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Green Paper Gives Cold Comfort

Green Paper Gives Cold Comfort

The Green Paper outlining the Australian Government's thinking on emissions trading shows it is well aligned with New Zealand's plans.

The Green Paper will give little comfort to those looking for major differences between the two countries' plans, in an effort to delay emissions trading here.

The New Zealand Business Council for Sustainable Development says the Australians are proposing to cap the level of assistance to their trade-exposed emitters to 90% of industry-average emissions per unit of output, about the same level as in New Zealand.

Australia is also going to include nearly all sectors, and proposes agriculture will not enter what it calls its Carbon Pollution Reduction Scheme until at least 2015 (compared with 2013 in New Zealand).

As Australia only proposes to give 30% of its total allocation of emissions units free to trade-exposed major emitters, compared with 79% going to major trade exposed emitters in New Zealand, it will have much more revenue to use to help households and businesses adjust to a price on carbon, and invest in more energy and emissions-efficient technology, Business Council Chief Executive Peter Neilson says.

The Green Paper proposes reducing excise tax to compensate for the initial price rises caused by putting an emissions price on fuel. In New Zealand the imposition of an emissions price on liquid fuels has been postponed by two years until 2011.

"With the New Zealand Government negotiating with parties to get a majority for its emissions trading legislation, what's happening in Australia on transitional assistance for households will be of interest here," Mr Neilson says.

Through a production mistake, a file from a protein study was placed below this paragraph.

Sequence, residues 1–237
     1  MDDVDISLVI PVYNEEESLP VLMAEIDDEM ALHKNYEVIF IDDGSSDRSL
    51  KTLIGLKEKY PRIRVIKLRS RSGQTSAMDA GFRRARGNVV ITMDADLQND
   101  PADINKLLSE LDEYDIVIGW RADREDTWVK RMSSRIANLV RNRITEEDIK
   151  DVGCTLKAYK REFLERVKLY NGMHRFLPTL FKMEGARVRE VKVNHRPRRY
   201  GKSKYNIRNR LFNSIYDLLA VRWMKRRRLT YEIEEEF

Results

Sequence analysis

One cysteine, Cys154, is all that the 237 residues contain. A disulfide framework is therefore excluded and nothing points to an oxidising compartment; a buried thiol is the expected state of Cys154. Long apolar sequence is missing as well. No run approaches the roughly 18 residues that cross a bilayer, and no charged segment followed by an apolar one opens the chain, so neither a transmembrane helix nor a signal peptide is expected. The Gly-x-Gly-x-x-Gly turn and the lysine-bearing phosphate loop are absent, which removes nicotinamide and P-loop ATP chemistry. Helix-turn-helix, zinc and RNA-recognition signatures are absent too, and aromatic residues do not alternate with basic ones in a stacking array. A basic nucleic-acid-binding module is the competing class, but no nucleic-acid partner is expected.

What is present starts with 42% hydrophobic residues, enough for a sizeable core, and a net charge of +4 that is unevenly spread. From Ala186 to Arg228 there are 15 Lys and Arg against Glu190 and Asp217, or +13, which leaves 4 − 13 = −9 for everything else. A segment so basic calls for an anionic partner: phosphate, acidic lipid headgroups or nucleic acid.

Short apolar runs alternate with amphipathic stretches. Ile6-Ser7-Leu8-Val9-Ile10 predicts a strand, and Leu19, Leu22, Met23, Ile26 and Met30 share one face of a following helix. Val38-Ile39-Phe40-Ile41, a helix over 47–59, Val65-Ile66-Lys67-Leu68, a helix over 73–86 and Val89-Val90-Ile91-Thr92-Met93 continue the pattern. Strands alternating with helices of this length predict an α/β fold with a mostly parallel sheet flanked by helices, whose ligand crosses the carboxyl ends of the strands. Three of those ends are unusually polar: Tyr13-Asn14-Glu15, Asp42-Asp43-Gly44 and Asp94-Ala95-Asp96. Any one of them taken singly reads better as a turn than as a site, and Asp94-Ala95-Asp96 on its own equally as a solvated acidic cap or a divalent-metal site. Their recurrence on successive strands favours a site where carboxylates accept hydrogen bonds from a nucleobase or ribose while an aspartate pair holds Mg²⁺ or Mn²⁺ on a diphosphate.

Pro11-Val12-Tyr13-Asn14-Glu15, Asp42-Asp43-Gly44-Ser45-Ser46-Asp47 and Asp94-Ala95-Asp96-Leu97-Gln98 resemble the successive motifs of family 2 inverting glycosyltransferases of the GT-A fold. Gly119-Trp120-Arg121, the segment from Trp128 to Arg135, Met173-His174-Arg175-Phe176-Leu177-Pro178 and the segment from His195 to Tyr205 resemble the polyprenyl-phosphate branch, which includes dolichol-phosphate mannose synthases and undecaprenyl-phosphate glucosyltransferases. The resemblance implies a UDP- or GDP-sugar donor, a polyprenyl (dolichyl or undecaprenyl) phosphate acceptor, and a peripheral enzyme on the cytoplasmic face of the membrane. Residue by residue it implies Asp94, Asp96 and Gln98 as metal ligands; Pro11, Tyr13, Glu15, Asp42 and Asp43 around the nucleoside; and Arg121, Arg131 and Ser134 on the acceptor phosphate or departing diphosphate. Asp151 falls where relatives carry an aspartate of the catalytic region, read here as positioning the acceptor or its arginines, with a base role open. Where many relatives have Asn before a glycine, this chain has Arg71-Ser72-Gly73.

The Business Council is currently polling through the ShapeNZ research service on what New Zealanders want done with any revenue the Government receives from selling emissions units and extra profits projected to be paid by some of its power companies, as a result of emissions trading.

So far nearly 3000 people have responded to the ShapeNZ poll and nationally representative results, showing whether or not the country wants the Government to recycle revenue from emission trading, should be available for release later this week.

New Zealanders are also being polled on who should get any recycled revenue which could be more than $100 million a year and how it should be delivered (through options like personal tax cuts and household electricity bill rebates - or incentives to buy more energy and fuel efficient vehicles and appliances).

Ends

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